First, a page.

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Spirit of entrepreneurship

September 29, 2014

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M. Ramzan Sheikh, Chairman of the Mainland Group of Companies, says “adversity has been his best teacher”.
M. Ramzan Sheikh, Chairman of the Mainland Group of Companies, says “adversity has been his best teacher”.

M RAMZAN Sheikh likes new challenges in life and business. The gritty entrepreneur in him ‘always stays open to opportunity and isn’t afraid to explore, experiment and grow’.

His uninhibited ‘spirit of entrepreneurship’ has forced him to step out of the safer family business of construction, and venture, invest and expand in a relatively newer but growing sector of the economy: leisure and entertainment.

This shift hasn’t been without its troubles. But he says adversity has been his best teacher. “True grit is something you learn…acquire…when you face challenges,” he notes during an interview with Dawn.

The chairman of the Mainland Group of Companies, which has an annual turnover of Rs2bn, is not much pleased with the way our society mocks and scorns the ‘spirit of entrepreneurship’. “This is despite the fact that entrepreneurs generate economic activity, create wealth and jobs, and pay taxes (to run the state). Yet they’re viewed as a bunch of thugs.”

He believes that “the best job in the world is to work for yourself even if only three out of 100 new enterprises succeed worldwide. If you want to create a legacy for yourself long after you are gone, you have got to take risks. But the poor public view of our businesspeople and entrepreneurs discourages our younger generation from venturing into business. If you ask Lums students, less than 5pc will tell you they want to become entrepreneurs.”

Unlike some of his peers, Ramzan didn’t have to struggle much to create a place for himself in the world of business. The harder part of the job had already been done by his father — the son of a hide and wool trader from Jhang — who founded a thriving, profitable construction firm in 1967. His job was to diversify and grow the family business.


‘If we give our entrepreneurs the respect they deserve, they can do miracles for this country and its people’


When Ramzan joined the business in 1988, his family was diversifying into textile manufacturing. It fell upon him to manage this segment of the business for a couple of years, before joining the construction business to rapidly grow it.

By 1997, he had turned the construction company into the largest private contractor in the country, specialising in planning and construction of mega infrastructure projects, including motorways and highways. His strategy of forming joint ventures with foreign and local firms also helped him modernise construction techniques and equipment and win several large contracts.

“The construction of the Lahore-Islamabad Motorway (a section of which was built by his family) by Daewoo brought about a radical change in the way construction was done here and introduced us to new techniques and modern construction machinery and equipment,” he points out.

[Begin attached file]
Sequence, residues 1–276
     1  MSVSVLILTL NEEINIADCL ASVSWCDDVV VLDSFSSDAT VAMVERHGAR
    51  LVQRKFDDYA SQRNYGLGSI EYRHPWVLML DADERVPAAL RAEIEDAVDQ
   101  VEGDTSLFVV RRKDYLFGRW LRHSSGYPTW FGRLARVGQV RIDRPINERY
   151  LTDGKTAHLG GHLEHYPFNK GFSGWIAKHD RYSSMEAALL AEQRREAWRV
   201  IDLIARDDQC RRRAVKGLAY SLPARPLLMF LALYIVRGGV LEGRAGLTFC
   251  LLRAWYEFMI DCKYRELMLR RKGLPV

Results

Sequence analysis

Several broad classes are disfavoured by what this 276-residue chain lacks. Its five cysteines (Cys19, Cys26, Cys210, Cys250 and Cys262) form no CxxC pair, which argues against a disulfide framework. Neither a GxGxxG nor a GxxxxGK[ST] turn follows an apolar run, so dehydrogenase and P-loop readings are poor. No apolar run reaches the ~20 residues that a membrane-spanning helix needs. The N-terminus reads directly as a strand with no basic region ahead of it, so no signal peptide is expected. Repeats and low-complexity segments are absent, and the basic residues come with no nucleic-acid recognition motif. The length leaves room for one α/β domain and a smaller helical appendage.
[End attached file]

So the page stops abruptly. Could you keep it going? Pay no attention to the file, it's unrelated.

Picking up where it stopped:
The major shift in his business interests came in 2001 when the government, on the advice of multilateral lenders like the World Bank, decided to commercialise the ‘dead assets’ of Pakistan Railways to revive the oldest but collapsing transport company. A consortium of three Pakistani and Malaysian firms formed by Ramzan won the bid for converting the Railway’s rundown, old golf course in Lahore into a modern, luxury sport facility — now known as Royal Palm Golf and Country Club — and is operating it.

“It was a big challenge for me to take over a large space and convert it into a world class sport facility good enough to host major international and regional golf tournaments,” Ramzan says. “My passion for sports (he wanted to become a cricketer) helped me accomplish this job.”

His family didn’t like the idea; nobody in the private sector had done it before. His strong determination to execute the project finally made his family to relent.

The deal was embroiled in a controversy from the outset. Some senior former and serving Railway officials — angry over losing perks and privileges with the ‘privatisation’ of the golf club as well as large housing facilities on it — created a controversy about the project. Several probes and scrutiny by NAB and FIA have, nevertheless, failed to find any wrongdoing, at least until now.

“The controversy over the club deal has damaged the Railway’s interests more than it has hurt mine. No investor wants to sign up a deal with the Railways anymore,” asserts Ramzan.

Although he isn’t happy with the ‘environment of extortion’ created by the taxmen and the scarcity of quality human resource, he has a strong faith in the country’s economy and its businesspeople.

He continues to invest and has now become the country’s largest super cinema operator with 10 screens in Lahore, Sialkot and Gujrat, as he sees tremendous potential and scope for investment in the leisure and entertainment industry. His future plans include the construction of multiplexes in Lahore, Sialkot and Multan, complete with shopping malls, hotels and food courts, over the next two years.

He feels that Pakistan could galvanise massive investment to revive its slowing economy.

“We are a very resilient people. Can you imagine that we had built a large industrial and financial base literally from nothing in 20 years after independence? We can do it again. For that, we will have to ensure policy consistency, revamp the tax system, identify new areas of high growth potential, train human resource and rebuild the Brand Pakistan. If we give our entrepreneurs the respect they deserve, they can do miracles for this country and its people.”

Published in Dawn, Economic & Business, September 29th, 2014